The company sells all kinds of flooring, including vinyl and linoleum floors as well as wood, laminate, carpet and specialty sports flooring. They’re not in tile, but are otherwise the most global and diversified flooring company.

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Flooring is highly consolidated globally, segmented for different climates and cultures. It has low price elasticity, pricing is muddied by contractors, and it’s an every-ten-years purchase for people.

He says there is significant demand in Russia and emerging markets.

This company dominates France, Sweden, Russia and trades at a much lower valuation than other flooring firms.

Competitors are owned by many value investors, but the other big flooring companies trade at PEs of 23 or so, Tarkett is around 15.

Tarkett has a powerful position in Russia, with 2/3 share in vinyl, the most popular flooring category. There are large barriers to entry because they have the world’s largest vinyl factory and have spent a decade building a brand and distribution in Russia, they’re the only big global player with a strong presence in Russia.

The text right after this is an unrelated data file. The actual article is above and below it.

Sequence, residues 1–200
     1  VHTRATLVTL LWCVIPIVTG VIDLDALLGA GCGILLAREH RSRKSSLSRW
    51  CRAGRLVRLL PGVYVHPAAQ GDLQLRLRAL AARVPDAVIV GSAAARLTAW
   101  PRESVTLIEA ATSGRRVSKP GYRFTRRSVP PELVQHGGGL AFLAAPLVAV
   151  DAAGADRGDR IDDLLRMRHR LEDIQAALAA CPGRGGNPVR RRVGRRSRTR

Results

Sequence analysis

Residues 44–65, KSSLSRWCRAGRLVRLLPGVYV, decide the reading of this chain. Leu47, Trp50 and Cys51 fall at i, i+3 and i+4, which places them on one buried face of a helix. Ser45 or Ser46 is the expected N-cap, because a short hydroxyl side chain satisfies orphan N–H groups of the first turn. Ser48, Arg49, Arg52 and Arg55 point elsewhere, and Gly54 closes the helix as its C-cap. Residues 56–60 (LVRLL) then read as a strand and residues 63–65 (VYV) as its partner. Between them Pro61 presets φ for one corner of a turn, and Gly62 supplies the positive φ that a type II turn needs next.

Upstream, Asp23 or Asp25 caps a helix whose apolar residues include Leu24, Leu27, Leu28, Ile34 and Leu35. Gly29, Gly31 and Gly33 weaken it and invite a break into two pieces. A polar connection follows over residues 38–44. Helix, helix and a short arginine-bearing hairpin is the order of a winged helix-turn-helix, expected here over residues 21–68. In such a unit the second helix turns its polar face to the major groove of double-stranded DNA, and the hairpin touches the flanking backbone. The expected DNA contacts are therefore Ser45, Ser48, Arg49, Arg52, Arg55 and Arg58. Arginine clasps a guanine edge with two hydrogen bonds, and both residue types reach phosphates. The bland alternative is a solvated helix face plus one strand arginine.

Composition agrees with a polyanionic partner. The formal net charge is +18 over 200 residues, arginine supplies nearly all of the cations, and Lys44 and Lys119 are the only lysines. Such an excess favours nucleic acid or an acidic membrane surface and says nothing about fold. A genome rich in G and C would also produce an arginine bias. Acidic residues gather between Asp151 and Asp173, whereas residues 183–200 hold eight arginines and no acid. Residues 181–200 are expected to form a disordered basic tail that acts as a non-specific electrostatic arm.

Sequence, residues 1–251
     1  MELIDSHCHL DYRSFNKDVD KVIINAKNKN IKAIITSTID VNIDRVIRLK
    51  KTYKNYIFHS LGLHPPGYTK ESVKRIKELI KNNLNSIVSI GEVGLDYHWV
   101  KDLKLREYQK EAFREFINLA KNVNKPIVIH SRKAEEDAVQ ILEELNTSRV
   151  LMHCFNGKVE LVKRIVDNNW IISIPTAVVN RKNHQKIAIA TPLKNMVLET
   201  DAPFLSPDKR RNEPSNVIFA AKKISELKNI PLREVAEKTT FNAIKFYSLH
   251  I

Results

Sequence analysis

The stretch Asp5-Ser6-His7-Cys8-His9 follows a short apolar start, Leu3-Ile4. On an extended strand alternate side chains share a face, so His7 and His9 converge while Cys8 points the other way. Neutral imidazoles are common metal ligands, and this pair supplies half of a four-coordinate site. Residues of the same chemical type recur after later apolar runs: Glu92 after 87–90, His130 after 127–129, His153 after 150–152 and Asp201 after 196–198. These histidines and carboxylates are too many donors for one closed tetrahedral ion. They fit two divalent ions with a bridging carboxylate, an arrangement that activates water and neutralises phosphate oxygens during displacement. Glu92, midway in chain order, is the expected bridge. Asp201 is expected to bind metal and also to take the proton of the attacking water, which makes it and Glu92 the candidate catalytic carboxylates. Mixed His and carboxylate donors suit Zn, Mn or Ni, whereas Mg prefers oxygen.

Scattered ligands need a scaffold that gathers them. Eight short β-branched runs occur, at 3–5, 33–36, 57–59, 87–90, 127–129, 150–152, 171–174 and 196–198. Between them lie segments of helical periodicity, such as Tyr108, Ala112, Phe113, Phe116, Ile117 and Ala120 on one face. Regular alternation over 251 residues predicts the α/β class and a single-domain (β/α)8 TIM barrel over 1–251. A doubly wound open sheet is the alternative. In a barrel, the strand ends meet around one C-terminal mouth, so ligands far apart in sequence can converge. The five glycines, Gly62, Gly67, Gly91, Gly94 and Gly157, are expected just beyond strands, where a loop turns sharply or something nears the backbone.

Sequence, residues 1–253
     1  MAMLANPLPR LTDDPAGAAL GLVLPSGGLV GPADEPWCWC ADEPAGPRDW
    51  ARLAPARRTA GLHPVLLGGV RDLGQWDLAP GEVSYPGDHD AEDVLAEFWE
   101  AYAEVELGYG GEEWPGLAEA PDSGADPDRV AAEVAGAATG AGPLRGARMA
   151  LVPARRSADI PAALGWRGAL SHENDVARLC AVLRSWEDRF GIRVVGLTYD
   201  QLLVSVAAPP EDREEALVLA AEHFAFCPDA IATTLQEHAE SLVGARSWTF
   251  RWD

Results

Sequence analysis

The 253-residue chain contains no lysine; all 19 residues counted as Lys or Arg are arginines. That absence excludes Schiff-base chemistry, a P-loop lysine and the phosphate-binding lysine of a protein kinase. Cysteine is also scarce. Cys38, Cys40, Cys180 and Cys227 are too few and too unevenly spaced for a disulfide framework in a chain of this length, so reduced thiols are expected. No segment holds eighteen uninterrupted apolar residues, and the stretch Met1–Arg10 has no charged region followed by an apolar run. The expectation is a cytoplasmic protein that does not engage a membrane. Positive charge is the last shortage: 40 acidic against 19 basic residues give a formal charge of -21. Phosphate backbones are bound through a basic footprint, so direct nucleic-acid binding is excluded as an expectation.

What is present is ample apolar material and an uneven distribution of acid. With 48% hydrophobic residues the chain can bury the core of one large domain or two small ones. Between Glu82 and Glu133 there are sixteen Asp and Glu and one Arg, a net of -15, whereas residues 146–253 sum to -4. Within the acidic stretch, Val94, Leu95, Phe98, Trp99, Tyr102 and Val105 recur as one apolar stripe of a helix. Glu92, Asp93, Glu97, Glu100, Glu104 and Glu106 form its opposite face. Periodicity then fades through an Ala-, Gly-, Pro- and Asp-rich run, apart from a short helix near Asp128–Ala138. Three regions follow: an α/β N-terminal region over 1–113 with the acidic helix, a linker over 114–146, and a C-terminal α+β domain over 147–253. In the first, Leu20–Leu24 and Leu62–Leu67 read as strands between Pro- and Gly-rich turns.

He says that Russia has 85% home ownership, and lots of that is old Soviet buildings that are “in need of substantial renovation.” That was part of the pitch for the IPO, which excited Robotti but didn’t light a fire for most investors.

So … is it a good time to be selling a product in Russia? he thinks so — flooring is not a discretionary purchase, and Russia has had huge gains in consumer discretionary income over the past decade. He’s not worried about political posturing or Crimea because he thinks it will blow over eventually.

He thinks they will have significant margin improvement — you can’t just win because they are relatively undervalued, because that could persist, but he thinks they have depressed margins compared to their peers and that this is about to change.

They rolled up a dozen companies in the few years up to 2013, and the acquisitions have been very successful and many key managers came from the acquired companies.